Primates will be tormented in laboratories. Every year in the U.S., more than 105,000 primates are imprisoned in laboratories, where they’re abused and killed in invasive, painful, and terrifying experiments. While it’s well known that nonhuman primates are sensitive, intelligent beings who share many important biological and psychological characteristics with humans, these very attributes unfortunately make them prime targets for experimenters, who treat them as if they were disposable pieces of laboratory equipment.

7. Cows on Dairy Farms

Cows on dairy farms will be hooked up to milking machines. They may be suffering from a painful udder inflammation called “mastitis,” which is common among cows raised for their milk, and it is one of dairy farms’ most frequently cited reasons for sending cows to slaughter. They may also be lame from being intensely confined and forced to stand amid their own waste.

8. Angora Rabbits

Angora collage

Angora rabbits will have their fur violently ripped out of their sensitive skin as they scream in pain, a process that many endure every three months, leaving some in a state of severe shock. After two to five years, those who’ve survived are hung upside down and have their throats slit. Then their carcasses are sold.

Rabbits who have their fur cut or sheared also suffer: During the cutting process, their front and back legs are tightly tethered—a terrifying experience for any prey animal—and the sharp cutting tools inevitably wound many as they struggle desperately to escape.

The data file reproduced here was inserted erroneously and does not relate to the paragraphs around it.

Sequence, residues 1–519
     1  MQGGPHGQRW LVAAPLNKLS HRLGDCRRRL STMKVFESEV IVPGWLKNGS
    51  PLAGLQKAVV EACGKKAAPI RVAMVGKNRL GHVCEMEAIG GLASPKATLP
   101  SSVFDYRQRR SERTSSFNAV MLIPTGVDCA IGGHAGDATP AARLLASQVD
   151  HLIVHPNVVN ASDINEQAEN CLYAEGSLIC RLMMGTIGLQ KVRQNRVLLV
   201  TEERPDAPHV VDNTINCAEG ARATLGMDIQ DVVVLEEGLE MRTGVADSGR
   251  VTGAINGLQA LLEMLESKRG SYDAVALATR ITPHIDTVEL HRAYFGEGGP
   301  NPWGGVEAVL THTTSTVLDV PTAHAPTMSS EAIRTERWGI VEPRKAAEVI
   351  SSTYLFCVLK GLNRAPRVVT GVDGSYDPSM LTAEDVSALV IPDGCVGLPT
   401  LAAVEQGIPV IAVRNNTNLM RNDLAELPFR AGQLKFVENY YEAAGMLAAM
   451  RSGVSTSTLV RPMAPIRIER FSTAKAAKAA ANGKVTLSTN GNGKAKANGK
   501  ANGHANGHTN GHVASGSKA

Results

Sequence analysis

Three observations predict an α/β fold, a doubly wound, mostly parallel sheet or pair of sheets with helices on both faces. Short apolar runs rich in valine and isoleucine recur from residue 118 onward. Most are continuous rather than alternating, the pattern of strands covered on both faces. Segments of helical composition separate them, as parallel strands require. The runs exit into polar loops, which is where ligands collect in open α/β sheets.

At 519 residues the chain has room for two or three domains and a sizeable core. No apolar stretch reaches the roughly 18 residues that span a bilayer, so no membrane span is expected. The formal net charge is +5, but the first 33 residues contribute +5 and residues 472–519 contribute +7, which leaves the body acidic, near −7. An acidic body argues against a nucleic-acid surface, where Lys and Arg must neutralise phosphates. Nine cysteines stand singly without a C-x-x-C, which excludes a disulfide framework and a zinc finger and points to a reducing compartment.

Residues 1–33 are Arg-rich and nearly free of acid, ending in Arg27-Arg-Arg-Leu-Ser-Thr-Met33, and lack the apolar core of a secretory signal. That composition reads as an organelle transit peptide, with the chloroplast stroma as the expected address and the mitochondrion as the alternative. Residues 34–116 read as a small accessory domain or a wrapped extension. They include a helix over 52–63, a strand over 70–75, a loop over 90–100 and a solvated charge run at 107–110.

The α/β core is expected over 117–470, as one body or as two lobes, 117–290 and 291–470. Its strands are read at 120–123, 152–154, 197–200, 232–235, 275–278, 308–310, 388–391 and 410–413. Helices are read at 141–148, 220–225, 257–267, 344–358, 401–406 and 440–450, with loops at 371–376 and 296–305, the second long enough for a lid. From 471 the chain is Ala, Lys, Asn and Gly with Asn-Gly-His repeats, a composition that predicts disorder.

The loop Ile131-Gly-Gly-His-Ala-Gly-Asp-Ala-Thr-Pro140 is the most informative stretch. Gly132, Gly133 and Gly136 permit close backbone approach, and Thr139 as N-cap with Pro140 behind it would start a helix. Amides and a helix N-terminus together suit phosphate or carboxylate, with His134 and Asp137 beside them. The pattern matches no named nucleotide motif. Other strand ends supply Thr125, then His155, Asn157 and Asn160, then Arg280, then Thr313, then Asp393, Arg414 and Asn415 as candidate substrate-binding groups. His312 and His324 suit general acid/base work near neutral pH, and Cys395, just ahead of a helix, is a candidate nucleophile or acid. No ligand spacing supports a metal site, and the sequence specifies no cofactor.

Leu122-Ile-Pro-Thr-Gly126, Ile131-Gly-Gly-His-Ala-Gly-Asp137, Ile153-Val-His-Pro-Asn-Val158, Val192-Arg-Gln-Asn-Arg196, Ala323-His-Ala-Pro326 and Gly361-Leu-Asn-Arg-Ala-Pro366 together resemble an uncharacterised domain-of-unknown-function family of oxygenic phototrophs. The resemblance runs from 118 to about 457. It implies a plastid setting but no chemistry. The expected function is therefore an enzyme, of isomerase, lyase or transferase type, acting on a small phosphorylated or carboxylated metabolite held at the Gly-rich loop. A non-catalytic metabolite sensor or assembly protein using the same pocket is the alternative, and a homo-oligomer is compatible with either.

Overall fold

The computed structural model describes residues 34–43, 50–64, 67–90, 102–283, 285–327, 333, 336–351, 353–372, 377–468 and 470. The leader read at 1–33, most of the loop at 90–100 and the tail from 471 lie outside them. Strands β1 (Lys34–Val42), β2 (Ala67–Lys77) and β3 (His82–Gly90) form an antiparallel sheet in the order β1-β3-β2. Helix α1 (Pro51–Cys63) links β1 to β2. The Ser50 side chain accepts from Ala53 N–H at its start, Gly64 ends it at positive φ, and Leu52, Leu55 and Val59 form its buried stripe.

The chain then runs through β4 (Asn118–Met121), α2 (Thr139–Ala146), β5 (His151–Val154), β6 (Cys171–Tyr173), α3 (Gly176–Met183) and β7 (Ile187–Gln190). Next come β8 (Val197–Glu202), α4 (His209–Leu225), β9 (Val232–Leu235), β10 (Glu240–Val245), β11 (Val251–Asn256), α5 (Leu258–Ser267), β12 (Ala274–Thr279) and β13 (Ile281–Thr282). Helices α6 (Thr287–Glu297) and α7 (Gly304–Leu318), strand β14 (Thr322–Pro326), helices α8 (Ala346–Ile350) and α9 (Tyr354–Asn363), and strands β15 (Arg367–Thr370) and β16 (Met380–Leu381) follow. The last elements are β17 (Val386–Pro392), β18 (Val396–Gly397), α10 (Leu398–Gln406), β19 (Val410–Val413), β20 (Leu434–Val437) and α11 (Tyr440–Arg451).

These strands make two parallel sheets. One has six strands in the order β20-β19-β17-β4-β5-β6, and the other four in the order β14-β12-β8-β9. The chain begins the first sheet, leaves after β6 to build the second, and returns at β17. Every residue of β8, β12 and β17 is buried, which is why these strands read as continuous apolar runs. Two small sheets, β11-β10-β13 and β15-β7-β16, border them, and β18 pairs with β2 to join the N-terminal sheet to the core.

While the vast majority of angora wool comes from China, where there are no penalties for the abuse of animals, angora products are assembled and distributed all over the world.

9. Pigs in Gestation Crates

Pigs-in-crates

A Mother Pig in a Gestation Crate on a Factory Farm

Most mother pigs in the U.S. spend their entire adult lives confined to cramped metal crates—and that won’t change on Labor Day. They never feel the affectionate nuzzle of a mate and are denied the opportunity to build a cozy, comfortable nest. Instead, they’re surrounded by cold metal bars and forced to lie on wet, feces-covered floors.

This intensive confinement, loneliness, and deprivation often causes mother pigs to go insane, which is manifested in repetitive behavior such as neurotically chewing on cage bars or compulsively pressing on their water bottles. After three or four years, their bodies are exhausted (even though the pigs are still quite young), and they’re shipped off to slaughter.

10. Dogs in Puppy Mills

dogs at a puppy mill

Female dogs in puppy mills will likely spend their Labor Day either inside a crude, filthy cage or chained to a tree. They’ll suffer from painful medical conditions, such as ear infections, mange, and abscessed feet, for which they’ll won’t receive any veterinary care. They will either be pregnant with or nursing yet another litter of puppies, who will be taken away from them and sold.

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“Almost all of us grew up eating meat, wearing leather, and going to circuses and zoos. We never considered the impact of these actions on the animals involved. For whatever reason, you are now asking the question: Why should animals have rights?” READ MORE

— Ingrid E. Newkirk, PETA President and co-author of Animalkind